Our first stop on the ISM study tour was the ancient city of Athens, the cradle of Western Civilization. Greeted by warm sunshine and classical ruins of sparkling white stone, we spent our first two days exploring Athens–first, with a trip to St. George’s Parish in Halandri, the home parish of our visiting professor (and expert guide!) Father Stefanos Alexopoulos. Yale Schola Cantorum performed a concert at St. George’s, and afterward we were welcomed to a delicious community dinner of traditional Greek food. Then, early the next morning, we ascended the rocky steps of the Acropolis for a day of tours. Exhausted, but with hearts and minds filled with the day’s sights and sounds, we attended a lecture and concert of Byzantine music given by the Maistores Choir at the University of Athens.
Athens (Αθήνα, Athína, Ancient Greek: Ἀθῆναι, Athēnai), is the capital and largest city of Greece. Athens dominates the Attica region and is one of the worldʹs oldest cities, as its recorded history spans around 3,400 years. Classical Athens was a powerful city‐state. A centre for the arts, learning and philosophy, home of Platoʹs Academy and Aristotleʹs Lyceum, it is widely referred to as the cradle of Western civilization and the birthplace of democracy, largely due to the impact of its cultural and political achievements during the 5th and 4th centuries BC on the rest of the then known European continent. Today a cosmopolitan metropolis, modern Athens is central to economic, financial, industrial, political and cultural life in Greece.
The heritage of the classical era is still evident in the city, represented by a number of ancient monuments and works of art, the most famous of all being the Parthenon, widely considered a key landmark of early Western civilization. The city also retains a vast variety of Roman and Byzantine monuments, as well as a smaller number of remaining Ottoman monuments projecting the cityʹs long history across the centuries. Athens is home to two UNESCO World Heritage Sites, the Acropolis of Athens and the medieval Daphni Monastery. Landmarks of the modern era, dating back to the establishment of Athens as the capital of the independent Greek state in 1833, include the Hellenic Parliament (19th century) and the Athens Trilogy consisting of the National Library of Greece, the Athens University and the Academy of Athens. Athens was the host city of the first modern‐day Olympic Games in 1896, and 108 years later it welcomed home the 2004 Summer Olympics. Athens is home to the National Archeological Museum, featuring the worldʹs largest collection of ancient Greek antiquities, as well as the new Acropolis Museum.
See more: http://en.wikipedia.org/wiki/Athens (source)
CITY OF HALANDRI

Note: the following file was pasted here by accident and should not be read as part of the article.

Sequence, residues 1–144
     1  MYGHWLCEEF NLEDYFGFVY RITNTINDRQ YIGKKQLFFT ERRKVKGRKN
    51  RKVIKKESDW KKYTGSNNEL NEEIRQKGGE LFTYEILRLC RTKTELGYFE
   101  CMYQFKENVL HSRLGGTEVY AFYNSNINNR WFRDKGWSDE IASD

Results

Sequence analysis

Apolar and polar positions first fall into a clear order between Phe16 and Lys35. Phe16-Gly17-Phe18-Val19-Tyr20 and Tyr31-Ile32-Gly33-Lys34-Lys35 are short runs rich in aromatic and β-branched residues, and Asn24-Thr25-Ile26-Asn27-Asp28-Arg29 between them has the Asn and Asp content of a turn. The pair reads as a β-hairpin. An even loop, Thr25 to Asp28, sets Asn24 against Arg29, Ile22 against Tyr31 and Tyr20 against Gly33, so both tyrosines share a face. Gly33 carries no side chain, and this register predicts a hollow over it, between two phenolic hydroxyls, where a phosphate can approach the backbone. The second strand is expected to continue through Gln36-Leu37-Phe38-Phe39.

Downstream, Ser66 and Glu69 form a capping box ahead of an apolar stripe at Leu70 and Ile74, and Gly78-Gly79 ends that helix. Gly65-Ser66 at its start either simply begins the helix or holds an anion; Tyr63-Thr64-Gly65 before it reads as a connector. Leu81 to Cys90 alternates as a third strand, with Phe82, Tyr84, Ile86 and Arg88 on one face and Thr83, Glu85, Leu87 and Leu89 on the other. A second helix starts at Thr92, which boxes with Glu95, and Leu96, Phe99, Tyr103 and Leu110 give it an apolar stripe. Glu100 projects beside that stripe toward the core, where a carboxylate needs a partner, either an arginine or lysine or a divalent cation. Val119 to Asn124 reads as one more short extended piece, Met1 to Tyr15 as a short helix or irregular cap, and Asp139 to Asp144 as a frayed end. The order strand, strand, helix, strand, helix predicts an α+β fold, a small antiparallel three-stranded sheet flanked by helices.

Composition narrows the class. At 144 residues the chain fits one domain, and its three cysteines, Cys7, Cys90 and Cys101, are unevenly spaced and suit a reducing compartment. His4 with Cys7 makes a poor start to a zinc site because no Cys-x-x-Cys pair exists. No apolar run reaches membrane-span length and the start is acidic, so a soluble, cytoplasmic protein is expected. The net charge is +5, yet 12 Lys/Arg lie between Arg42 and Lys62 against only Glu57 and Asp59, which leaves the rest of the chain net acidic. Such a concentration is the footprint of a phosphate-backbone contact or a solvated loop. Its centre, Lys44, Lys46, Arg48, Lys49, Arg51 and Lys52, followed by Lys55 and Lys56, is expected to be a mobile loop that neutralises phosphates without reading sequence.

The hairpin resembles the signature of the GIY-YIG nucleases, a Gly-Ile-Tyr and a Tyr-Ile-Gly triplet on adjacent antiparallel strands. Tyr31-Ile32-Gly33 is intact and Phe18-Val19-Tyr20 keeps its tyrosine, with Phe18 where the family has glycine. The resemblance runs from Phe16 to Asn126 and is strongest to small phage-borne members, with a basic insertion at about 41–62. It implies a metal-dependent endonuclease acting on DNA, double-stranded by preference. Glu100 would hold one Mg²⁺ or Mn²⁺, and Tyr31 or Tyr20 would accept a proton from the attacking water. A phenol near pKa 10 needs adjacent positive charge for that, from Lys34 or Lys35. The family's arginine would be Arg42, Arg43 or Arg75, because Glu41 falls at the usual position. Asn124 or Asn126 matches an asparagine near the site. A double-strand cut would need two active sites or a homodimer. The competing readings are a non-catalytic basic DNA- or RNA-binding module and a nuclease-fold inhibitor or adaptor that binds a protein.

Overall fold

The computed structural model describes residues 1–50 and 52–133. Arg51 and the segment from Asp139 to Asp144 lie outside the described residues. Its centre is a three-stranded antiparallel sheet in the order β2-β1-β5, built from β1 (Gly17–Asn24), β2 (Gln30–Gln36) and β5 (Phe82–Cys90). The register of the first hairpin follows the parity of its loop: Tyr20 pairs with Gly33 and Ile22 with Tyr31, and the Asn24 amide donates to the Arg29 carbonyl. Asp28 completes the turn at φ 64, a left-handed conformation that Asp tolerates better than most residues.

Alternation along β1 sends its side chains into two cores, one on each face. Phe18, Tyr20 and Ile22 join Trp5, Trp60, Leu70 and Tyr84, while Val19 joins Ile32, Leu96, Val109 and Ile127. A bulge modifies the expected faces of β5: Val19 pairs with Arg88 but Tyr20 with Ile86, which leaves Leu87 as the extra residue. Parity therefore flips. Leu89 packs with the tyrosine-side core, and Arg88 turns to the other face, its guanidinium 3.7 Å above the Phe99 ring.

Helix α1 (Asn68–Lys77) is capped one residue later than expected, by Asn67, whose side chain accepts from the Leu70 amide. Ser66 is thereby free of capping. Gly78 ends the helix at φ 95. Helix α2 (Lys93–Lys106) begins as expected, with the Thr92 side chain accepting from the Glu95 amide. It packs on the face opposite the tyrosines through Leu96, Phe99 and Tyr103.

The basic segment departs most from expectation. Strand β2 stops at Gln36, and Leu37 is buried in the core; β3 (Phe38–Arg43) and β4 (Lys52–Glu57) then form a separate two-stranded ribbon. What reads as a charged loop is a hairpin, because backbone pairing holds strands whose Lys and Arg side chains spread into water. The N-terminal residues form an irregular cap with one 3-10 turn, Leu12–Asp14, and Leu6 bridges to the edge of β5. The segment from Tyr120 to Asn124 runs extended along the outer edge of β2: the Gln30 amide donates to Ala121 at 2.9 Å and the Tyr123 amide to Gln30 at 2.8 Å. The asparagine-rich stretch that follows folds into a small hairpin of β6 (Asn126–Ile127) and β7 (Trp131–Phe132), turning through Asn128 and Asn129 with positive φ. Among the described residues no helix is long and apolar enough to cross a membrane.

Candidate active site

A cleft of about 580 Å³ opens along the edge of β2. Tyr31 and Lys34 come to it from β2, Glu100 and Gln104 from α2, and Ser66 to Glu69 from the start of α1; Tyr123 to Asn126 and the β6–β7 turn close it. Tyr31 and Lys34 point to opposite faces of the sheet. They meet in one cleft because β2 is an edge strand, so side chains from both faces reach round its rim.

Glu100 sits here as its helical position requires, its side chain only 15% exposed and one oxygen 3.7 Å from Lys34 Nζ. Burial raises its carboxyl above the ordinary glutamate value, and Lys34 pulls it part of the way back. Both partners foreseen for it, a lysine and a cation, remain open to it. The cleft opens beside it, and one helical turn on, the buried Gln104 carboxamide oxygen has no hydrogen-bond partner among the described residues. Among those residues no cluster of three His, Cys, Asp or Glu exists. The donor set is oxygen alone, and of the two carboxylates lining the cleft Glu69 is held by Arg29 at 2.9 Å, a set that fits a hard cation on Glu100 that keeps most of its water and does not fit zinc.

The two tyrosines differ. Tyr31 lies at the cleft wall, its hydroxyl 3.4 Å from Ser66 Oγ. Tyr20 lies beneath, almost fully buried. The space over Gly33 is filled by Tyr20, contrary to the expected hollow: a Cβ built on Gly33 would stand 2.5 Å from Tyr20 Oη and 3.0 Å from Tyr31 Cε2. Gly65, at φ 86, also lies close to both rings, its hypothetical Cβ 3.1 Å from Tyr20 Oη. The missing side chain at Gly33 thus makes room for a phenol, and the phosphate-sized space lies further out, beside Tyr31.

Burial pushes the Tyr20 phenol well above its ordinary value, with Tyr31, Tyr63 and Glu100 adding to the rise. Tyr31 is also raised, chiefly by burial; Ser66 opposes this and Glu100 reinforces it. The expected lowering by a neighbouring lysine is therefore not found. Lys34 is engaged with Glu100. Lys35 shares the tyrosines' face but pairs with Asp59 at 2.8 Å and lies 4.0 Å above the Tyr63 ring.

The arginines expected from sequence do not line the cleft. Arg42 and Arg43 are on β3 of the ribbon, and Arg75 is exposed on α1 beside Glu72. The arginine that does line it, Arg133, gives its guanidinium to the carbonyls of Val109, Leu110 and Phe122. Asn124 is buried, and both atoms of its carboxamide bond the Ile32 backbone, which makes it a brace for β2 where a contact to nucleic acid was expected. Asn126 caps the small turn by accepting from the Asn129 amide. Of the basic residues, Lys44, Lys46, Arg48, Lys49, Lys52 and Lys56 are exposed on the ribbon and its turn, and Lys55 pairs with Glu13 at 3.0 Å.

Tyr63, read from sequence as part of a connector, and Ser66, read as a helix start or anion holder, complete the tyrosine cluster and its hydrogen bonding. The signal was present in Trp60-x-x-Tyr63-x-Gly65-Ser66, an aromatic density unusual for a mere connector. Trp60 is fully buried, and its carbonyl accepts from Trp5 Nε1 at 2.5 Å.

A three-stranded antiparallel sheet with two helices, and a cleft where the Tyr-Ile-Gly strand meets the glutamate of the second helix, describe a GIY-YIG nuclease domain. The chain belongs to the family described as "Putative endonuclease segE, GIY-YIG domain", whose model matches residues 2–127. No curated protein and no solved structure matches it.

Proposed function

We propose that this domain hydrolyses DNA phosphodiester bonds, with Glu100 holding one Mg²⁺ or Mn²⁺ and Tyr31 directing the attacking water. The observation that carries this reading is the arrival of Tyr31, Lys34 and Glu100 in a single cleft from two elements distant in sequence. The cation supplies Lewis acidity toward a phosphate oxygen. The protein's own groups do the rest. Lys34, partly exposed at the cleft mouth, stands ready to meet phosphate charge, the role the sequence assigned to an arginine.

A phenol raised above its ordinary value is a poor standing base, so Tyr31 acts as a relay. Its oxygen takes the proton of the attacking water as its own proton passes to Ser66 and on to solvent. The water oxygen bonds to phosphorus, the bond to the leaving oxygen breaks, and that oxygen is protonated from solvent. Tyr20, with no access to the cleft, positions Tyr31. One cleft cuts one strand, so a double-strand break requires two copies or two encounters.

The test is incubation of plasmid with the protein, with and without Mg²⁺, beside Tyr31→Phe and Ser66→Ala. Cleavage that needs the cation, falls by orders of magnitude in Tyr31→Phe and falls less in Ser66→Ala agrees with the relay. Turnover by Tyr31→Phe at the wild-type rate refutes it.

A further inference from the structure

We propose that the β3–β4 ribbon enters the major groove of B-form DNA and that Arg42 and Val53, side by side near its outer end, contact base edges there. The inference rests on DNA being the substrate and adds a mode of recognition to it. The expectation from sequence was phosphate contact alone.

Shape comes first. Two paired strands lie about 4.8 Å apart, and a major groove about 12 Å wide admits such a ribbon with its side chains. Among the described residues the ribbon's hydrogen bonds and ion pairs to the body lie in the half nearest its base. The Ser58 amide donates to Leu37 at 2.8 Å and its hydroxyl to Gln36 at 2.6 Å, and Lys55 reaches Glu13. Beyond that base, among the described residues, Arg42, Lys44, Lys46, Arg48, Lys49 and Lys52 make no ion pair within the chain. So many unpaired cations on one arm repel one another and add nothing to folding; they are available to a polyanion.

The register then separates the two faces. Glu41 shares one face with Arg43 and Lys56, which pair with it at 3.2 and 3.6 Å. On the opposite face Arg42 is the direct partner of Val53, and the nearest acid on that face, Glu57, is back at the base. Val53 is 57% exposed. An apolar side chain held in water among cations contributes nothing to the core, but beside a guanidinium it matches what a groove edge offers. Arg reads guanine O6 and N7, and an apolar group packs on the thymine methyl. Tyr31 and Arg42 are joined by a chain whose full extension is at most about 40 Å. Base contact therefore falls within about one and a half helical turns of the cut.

The City of Halandri is a suburb of Athens (considered to be part of the “northern” suburbs) close of Mt. Penteli (known for its marble quarries – the Parthenon is built from Pentelic Marble). The city of Halandri has seen rapid growth the last 40 years and currently has around 120,000 inhabitants (see www.halandri.gr in Greek).
The Parish of St. George and the chapel of St. George
The parish of St. George was housed in the 17th century chapel of Saint George which functioned as the cathedral of the city, until the erection of the cathedral church of Saint Nicholaos. The foundations of the present church building were laid in 1964, reflecting the growth of Halandri and the parish. The basement of the new church served as the house of worship for the parish
of St. George from 1967 to 1999. The main church was consecrated in the spring of 1999 by the late Archbishop Christodoulos.
The Cathedral Church of St. Nicholas
St. Nicholas Cathedral is located in the central square of Halandri. Its foundations were laid in the 1850s on the site of the old cemetery of Halandri. The iconography of the church took about 100 years to complete, providing us an opportunity to see different styles of iconography within the same church. The church is well‐ maintained, a great example of preserving a historical building but also bringing it up‐to‐date.
ACROPOLIS | ACROPOLIS MUSEUM
The Acropolis of Athens or Citadel of Athens is the best known acropolis (Gr. akros, akron, edge, extremity + polis, city, pl. acropoleis) in the world. Although there are many other acropoleis in Greece, the significance of the Acropolis of Athens is such that it is commonly known as The Acropolis without qualification. The Acropolis was formally proclaimed as the preeminent monument on the European Cultural Heritage list of monuments on 26 March 2007. The Acropolis is a flat‐topped rock that rises 150 m (490 ft) above sea level in the city of Athens, with a surface area of about 3 hectares. The Acropolis bears the scars of Mycenaean, Archaic, Classical, Hellenistic, Roman, Byzantine, and Ottoman eras. The Acropolis complex, as has been excavated today, reflects the classical era.
Most of the major temples were rebuilt under the leadership of Pericles during the Golden Age of Athens (460–430 BC). Phidias, a great Athenian sculptor, and Ictinus and Callicrates, two famous architects, were responsible for the reconstruction. During the 5th century BC, the Acropolis gained its final shape.
Important buildings within the complex of the Acropolis are the Parthenon, the Propylaia, and the Erechtheion.